Unlike the ZHVI, there is no restatement of the ZRI in the routine monthly calculations because Rent Zestimates do not depend on data that arrive with some latency such as public record transactional data (such as is the case with Zestimates and the corresponding ZHVI). However, there are two situations in which restatements are unavoidable. First, when the boundaries of a geographic region change, the ZRI for the region will change as well since the set of homes underlying the ZRI is different. Second when we regenerate historical Rent Zestimates (for example, when a more accurate algorithm is developed), we also have to re-generate all historical ZRIs.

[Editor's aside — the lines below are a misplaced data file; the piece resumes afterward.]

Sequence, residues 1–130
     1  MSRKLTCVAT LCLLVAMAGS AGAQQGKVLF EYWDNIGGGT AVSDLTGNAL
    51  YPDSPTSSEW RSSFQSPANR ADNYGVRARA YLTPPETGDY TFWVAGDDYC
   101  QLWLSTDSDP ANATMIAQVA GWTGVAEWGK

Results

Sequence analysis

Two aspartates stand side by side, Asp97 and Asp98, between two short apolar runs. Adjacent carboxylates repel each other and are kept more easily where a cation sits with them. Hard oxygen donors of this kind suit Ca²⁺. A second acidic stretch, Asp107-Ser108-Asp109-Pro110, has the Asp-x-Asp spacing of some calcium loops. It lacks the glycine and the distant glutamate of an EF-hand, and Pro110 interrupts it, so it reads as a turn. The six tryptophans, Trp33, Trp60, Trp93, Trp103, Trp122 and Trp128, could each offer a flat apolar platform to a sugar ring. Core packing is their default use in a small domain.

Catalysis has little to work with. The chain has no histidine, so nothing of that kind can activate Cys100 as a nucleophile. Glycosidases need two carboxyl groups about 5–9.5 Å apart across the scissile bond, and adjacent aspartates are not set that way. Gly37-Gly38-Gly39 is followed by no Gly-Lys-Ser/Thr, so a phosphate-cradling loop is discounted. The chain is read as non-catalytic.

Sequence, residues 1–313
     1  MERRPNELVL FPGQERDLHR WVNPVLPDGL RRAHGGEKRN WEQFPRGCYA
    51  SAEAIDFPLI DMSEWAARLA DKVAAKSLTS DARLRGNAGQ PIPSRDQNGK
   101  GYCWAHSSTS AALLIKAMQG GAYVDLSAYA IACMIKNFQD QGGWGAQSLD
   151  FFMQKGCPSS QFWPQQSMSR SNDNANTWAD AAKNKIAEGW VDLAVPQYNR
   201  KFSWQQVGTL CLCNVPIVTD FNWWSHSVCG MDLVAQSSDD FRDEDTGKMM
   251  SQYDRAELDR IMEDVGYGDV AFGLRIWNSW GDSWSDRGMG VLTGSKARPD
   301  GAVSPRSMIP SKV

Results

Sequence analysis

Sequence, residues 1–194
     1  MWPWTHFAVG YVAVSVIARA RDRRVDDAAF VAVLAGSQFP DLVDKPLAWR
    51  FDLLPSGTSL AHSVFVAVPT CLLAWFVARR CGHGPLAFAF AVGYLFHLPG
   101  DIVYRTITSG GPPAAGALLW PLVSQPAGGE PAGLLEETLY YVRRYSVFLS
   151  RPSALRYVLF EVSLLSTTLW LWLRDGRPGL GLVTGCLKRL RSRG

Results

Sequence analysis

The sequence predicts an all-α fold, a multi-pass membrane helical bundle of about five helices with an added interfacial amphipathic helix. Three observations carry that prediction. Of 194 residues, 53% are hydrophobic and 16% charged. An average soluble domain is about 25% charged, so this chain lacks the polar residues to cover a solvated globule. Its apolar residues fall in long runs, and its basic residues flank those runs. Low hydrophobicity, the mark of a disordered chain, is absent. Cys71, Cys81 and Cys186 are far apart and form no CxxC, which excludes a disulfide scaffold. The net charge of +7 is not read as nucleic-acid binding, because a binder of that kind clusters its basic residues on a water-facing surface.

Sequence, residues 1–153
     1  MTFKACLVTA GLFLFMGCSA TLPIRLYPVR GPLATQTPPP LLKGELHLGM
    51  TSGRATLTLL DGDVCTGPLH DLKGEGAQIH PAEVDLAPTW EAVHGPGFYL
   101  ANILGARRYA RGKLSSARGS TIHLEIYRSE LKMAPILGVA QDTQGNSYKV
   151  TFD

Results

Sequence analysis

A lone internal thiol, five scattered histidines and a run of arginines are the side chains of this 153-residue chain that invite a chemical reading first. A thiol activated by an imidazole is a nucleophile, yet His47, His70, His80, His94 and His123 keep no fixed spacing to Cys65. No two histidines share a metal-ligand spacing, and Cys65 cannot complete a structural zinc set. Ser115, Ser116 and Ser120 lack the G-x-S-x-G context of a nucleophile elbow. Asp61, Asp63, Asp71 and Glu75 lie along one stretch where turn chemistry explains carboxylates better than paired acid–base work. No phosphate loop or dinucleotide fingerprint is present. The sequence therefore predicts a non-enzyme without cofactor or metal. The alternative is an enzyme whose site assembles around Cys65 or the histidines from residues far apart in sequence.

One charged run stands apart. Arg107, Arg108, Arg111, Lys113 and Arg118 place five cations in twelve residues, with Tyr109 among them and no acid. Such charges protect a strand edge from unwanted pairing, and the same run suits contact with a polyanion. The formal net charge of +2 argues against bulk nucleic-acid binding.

We are continuously working on improving the underlying algorithm to make Rent Zestimates more accurate. When major improvements to the algorithm are made, we will re-compute the historical Rent Zestimates for affected homes. Our purpose in doing so is to provide consumers with the best estimate of historical rents.

Data Coverage

We calculate the ZRI at the national level as the median Rent Zestimate of 84.9 million homes. The interactive map below displays the number of Rent Zestimates by county for the period ending Jan 31, 2012.

Some county-level ZRIs are suppressed based on the filter rules discussed in the Final Quality Control section above (although Rent Zestimates in those counties are used in computing higher-level ZRIs). The interactive map below shows counties that have a valid ZRI as of January 2012 (green) and those counties where the ZRI has been suppressed based on filter rules but individual Rent Zestimates are still available (red).